maccharlesMy brother Ric got me into sled racing in 1969. We started on Polaris Colts with those huge 372cc JLOs. We moved to Ski-Doo factory Blizzards and just kicked butt because nobody made a faster sled in the stock single classes with exception of a Cat or two with mod engines. I have no idea how we survived on those Doos with 26" ski stances or whatever they were. We didn't know they handled like crap so we were hanging off the left hoods to make them turn.

I started racing bikes in 1971 and Ric went on the USSA World series and did very well. 29 years later we attempted to get into vintage sled racing.

lakelawnI was painting custom sleds in the beginning and years later started molding my own hoods. I still dabble in sled stuff but most of my time is bikes. Currently I am in the process of making a race hood for ET250 Yamahas-the world's most undiscovered fun snowmobile and an RXL race hood for older Indys.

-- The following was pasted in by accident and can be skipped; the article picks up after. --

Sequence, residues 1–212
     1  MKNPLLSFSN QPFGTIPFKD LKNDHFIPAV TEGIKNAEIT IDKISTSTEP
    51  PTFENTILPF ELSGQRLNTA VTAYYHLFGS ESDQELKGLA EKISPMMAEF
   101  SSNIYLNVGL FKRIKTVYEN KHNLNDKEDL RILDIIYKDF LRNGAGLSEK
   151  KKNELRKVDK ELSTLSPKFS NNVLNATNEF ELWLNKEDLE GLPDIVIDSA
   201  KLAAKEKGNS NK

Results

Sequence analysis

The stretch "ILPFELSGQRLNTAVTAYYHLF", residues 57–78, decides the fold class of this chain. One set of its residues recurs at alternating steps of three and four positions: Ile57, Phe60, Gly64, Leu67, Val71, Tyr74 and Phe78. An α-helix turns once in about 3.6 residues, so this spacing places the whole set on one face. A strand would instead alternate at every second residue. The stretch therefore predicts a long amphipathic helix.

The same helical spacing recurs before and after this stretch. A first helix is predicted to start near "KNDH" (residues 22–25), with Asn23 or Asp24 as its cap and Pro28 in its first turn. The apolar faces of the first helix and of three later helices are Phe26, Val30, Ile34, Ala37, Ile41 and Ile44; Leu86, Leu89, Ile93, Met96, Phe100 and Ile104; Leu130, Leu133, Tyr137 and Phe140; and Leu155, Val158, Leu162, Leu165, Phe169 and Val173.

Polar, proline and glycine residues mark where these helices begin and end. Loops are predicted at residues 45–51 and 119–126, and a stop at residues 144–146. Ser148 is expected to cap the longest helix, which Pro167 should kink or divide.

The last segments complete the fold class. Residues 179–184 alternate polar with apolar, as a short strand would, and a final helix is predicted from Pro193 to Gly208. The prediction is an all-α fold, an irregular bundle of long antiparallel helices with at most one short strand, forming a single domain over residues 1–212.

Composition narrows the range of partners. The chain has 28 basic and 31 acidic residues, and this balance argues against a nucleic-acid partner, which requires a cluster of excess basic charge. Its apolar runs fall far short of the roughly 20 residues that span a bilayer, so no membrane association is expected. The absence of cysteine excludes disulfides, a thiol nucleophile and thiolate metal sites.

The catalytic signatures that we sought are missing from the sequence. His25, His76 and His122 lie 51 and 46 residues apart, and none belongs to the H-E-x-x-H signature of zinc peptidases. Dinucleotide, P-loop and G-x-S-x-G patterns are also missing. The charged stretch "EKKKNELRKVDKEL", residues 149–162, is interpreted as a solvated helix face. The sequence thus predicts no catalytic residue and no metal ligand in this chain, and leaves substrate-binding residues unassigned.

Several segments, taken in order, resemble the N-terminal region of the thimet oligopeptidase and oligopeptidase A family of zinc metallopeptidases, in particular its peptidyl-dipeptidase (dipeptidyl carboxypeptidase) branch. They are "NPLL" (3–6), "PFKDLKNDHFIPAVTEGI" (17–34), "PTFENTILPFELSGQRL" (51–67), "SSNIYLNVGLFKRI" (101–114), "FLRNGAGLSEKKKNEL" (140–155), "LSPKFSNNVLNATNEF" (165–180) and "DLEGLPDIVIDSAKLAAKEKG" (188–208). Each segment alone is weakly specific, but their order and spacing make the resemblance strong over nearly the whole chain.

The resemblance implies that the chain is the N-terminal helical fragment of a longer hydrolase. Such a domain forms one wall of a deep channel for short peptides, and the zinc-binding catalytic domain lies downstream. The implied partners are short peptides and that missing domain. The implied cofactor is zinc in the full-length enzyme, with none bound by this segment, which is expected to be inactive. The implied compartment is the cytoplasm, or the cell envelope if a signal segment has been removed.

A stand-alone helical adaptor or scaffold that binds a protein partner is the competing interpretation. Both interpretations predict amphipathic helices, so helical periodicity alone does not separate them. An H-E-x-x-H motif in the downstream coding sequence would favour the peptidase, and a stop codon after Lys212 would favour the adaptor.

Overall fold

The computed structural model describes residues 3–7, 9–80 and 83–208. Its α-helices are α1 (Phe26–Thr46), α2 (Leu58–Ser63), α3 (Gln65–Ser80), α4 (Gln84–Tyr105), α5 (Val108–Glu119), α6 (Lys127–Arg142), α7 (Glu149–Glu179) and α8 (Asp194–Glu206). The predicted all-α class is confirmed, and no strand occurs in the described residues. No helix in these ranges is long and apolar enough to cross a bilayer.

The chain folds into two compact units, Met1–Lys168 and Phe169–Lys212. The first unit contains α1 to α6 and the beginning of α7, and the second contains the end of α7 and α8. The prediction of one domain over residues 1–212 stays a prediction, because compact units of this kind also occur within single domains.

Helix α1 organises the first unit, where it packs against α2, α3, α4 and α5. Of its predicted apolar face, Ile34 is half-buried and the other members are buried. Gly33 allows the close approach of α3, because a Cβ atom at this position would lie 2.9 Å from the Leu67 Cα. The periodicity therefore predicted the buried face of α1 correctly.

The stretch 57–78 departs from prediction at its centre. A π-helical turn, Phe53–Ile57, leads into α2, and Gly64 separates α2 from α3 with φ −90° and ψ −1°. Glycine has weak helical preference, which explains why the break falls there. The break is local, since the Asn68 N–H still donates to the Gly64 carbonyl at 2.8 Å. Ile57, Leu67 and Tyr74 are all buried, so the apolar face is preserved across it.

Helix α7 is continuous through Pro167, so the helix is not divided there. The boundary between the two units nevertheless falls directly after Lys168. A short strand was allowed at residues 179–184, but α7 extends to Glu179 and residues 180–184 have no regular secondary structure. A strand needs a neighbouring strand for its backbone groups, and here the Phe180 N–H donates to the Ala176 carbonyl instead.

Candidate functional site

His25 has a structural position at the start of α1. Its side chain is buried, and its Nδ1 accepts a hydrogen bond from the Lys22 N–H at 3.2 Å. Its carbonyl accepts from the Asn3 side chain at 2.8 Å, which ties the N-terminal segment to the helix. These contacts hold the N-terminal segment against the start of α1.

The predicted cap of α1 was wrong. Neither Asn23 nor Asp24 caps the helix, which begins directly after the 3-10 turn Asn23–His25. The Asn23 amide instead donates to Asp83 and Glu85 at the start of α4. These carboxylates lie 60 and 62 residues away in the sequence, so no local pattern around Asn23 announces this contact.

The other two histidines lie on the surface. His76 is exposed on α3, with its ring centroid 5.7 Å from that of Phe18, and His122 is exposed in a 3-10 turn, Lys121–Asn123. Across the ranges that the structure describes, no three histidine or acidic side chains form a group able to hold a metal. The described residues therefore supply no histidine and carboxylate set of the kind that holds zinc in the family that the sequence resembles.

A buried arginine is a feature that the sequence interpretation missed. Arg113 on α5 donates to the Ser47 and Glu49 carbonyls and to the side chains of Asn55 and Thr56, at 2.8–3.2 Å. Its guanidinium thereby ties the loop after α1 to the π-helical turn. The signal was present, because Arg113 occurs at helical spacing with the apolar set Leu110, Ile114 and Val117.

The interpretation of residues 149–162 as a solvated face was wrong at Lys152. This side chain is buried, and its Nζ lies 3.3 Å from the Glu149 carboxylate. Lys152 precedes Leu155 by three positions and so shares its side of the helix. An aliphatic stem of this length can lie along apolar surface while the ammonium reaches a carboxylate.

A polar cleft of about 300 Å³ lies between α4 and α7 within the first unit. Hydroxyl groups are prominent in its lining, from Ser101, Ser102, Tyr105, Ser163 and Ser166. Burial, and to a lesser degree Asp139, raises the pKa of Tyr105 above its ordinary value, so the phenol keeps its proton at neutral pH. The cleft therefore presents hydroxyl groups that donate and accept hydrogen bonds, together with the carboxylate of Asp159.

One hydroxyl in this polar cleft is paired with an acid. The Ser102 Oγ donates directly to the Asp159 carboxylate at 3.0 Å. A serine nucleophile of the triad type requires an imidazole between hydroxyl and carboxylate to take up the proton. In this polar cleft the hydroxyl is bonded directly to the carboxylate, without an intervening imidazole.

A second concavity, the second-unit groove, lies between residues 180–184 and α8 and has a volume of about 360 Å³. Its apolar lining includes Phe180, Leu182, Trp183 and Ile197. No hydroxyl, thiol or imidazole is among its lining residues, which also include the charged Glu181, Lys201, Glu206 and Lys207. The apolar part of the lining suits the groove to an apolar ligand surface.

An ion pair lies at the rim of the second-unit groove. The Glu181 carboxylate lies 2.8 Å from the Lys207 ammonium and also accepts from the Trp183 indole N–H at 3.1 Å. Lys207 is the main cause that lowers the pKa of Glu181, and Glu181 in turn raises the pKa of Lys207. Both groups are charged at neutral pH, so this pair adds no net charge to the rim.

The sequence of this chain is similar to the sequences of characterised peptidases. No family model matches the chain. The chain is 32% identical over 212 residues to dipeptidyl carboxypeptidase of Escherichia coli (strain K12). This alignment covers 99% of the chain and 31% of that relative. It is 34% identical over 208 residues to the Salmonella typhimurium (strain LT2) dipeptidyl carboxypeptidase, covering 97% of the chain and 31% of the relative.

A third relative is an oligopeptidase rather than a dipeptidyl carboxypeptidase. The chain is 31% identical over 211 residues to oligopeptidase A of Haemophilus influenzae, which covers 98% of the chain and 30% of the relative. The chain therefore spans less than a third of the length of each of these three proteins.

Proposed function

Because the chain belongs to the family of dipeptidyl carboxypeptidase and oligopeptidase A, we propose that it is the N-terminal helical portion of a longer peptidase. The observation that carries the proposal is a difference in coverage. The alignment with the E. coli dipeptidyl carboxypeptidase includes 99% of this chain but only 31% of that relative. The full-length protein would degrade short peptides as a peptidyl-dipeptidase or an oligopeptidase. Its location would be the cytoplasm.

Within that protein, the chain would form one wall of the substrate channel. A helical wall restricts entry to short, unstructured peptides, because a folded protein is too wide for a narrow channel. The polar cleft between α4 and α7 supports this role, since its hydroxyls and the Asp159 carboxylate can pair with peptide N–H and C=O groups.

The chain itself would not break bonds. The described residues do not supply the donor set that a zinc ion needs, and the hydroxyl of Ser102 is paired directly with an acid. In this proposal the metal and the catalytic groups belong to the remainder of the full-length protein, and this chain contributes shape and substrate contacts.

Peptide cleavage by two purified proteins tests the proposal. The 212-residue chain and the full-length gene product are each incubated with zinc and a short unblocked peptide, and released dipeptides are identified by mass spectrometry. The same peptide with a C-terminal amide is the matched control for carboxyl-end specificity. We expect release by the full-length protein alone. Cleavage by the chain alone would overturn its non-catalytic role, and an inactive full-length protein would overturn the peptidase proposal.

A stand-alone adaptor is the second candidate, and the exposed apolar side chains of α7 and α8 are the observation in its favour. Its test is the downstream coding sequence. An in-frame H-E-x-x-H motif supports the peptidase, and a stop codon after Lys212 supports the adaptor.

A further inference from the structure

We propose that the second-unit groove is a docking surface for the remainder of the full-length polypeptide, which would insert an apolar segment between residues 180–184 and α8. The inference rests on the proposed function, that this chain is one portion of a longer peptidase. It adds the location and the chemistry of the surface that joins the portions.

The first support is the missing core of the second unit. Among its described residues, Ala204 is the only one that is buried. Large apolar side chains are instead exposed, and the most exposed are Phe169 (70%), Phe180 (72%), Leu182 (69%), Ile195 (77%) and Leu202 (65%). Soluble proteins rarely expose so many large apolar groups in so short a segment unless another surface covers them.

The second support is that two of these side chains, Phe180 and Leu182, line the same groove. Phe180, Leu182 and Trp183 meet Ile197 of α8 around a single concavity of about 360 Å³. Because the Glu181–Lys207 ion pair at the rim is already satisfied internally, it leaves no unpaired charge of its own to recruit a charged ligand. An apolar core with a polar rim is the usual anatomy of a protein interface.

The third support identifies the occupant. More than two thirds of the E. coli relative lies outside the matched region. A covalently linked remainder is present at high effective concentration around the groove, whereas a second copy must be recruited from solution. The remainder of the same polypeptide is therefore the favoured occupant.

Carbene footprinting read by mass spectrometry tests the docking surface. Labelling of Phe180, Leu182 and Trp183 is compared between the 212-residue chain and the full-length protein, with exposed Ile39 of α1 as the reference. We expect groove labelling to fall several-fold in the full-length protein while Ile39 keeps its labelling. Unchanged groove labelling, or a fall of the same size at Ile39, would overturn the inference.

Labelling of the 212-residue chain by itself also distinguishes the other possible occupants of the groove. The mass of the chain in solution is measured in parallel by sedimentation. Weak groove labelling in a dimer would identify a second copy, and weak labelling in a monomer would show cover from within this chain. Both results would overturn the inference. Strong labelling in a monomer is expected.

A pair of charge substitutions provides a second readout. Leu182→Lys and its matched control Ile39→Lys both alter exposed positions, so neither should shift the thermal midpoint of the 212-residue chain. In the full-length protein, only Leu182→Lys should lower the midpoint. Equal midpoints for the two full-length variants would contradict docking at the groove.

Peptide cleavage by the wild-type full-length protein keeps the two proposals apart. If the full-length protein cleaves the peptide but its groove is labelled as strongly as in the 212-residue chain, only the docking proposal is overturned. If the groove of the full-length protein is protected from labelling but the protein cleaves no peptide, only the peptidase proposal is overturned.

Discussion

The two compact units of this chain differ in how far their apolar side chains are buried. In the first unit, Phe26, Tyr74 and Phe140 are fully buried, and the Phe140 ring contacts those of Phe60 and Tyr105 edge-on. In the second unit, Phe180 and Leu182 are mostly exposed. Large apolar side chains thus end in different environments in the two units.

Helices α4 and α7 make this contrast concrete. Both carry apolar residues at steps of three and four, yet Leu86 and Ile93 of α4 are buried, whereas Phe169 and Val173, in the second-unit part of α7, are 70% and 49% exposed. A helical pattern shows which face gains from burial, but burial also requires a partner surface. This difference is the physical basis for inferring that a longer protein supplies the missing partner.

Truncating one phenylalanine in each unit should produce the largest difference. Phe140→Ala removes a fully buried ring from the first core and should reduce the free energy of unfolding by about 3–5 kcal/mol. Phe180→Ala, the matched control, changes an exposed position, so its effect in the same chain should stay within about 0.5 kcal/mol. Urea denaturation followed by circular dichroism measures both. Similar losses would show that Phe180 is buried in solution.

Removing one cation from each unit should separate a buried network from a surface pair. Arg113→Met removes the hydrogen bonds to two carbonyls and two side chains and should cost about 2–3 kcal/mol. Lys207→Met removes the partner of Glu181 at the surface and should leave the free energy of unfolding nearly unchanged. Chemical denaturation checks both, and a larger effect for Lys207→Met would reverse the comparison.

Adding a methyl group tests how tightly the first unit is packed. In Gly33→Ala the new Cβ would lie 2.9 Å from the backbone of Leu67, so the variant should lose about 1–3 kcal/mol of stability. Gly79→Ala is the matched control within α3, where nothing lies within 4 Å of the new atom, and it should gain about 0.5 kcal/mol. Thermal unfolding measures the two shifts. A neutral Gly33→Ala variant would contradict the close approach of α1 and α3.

gpsled Spent a bloodly fortune on this Grand Prix by Boatel. Even had fuel injection. Howled like a banshee but it was using Nordic suspension so all it did was hop up and down. I was doing advertising for Boatel at the time. I had a frightful experience on a Polaris Colt-the hand grip came off in a corner. I never forgot that and encouraged Boatel to make the butterfly steering for the Grand Prix which they did.

Barber pole racing suits

barber pole snowmobile suits thIn 1973 a Hopkins, MN based Polaris dealership, Machines of Man, formed a racing team of its employees to promote sales. They employed stock Colts for the task and designed attention-getting uniforms for team recognition. Media coverage and word-of-mouth resulted.

The suits, designed by Phil Little, were based on the white Polaris two-piece suits offered at the time. 3 ½” bands of alternating red and blue stripes were sewn on to pants and jackets to create a barber pole effect.